Cellini E, Forleo P, Ginestroni A, Nacmias B, Tedde A, Bagnoli S, Mascalchi M, Sorbi S, Piacentini S. Fragile X Premutation With Atypical Symptoms at Onset. Arch Neurol. 2006;63(8):1135-1138. doi:10.1001/archneur.63.8.1135
Copyright 2006 American Medical Association. All Rights Reserved. Applicable FARS/DFARS Restrictions Apply to Government Use.2006
To evaluate the presence of carriers of the fragile X premutation among male patients with sporadic ataxia without expansion into known spinocerebellar ataxia genes.
Clinical and genetic examinations were performed on patients with sporadic pure ataxia and patients with ataxia associated with extracerebellar features such as pyramidal and extrapyramidal signs, dementia, or peripheral neuropathy.
University department of neurology.
One hundred forty-two Italian men with sporadic ataxia with onset at age 30 to 84 years.
The CGG repeat size of the FMR1 gene was evaluated with fluorescent polymerase chain reaction. Premutated allele lengths were confirmed with Southern blot analysis.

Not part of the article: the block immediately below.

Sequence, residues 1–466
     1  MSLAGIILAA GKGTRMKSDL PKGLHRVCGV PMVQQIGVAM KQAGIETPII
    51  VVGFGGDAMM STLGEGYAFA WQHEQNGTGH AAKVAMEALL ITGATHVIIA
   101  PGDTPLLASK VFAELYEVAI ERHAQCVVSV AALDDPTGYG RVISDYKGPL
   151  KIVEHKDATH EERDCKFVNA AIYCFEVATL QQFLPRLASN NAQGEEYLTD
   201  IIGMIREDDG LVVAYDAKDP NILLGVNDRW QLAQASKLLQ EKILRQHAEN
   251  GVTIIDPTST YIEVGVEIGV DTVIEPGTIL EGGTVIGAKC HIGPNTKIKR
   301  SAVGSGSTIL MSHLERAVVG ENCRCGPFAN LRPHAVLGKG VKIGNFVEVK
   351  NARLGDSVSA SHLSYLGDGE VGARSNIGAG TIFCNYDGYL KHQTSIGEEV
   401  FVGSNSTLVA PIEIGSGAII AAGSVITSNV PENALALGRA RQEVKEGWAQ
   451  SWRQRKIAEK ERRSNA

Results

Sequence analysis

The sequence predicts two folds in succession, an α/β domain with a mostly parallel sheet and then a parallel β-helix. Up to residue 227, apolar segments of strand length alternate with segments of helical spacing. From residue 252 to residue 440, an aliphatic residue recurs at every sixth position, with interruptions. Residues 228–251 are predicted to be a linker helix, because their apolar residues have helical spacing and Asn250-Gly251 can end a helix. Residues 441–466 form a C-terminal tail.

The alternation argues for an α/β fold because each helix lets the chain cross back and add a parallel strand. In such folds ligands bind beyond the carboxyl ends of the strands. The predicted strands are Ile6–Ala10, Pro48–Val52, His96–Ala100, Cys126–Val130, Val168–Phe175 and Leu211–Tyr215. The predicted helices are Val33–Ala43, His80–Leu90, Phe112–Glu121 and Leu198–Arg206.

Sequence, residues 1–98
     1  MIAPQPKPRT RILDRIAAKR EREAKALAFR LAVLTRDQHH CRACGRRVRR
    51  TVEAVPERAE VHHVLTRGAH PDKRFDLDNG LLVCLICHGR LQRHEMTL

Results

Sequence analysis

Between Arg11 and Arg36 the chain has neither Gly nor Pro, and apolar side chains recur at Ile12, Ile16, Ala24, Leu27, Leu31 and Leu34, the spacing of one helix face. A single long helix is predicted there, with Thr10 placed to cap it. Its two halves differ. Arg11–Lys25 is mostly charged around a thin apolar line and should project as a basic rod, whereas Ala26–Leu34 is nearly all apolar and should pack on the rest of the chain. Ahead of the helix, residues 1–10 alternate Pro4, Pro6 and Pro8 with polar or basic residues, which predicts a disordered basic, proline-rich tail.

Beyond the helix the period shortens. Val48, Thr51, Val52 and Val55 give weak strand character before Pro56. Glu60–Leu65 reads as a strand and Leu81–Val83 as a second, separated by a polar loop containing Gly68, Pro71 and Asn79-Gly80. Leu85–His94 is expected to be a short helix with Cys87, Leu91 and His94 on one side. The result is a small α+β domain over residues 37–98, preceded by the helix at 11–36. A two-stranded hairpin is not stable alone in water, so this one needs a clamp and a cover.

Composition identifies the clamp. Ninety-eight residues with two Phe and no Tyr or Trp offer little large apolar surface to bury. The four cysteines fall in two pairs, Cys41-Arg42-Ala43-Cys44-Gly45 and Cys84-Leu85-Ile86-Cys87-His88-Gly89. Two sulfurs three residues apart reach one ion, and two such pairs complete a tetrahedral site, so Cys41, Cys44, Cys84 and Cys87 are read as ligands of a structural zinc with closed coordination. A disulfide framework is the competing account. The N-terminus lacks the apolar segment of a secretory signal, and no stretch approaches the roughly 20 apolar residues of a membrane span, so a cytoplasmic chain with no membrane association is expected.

FMR1 premutation alleles with a repeat number greater than 55 were detected in 3 probands (2.1%) from a total of 142 male subjects initially referred to our university medical center for evaluation of sporadic ataxia. Two patients had typical fragile X syndrome with associated tremor or ataxia, and the third patient had spastic paraparesis without clear symptoms of cerebellar ataxia and without the common signs seen at magnetic resonance imaging.
Genetic analysis of the FMR1 gene could provide a reliable diagnostic tool for the definitive diagnosis of late-onset ataxias. Additional studies are needed to clarify the importance of premutation screening in patients with movement disorders or other associated atypical features at onset, such as paraparesis.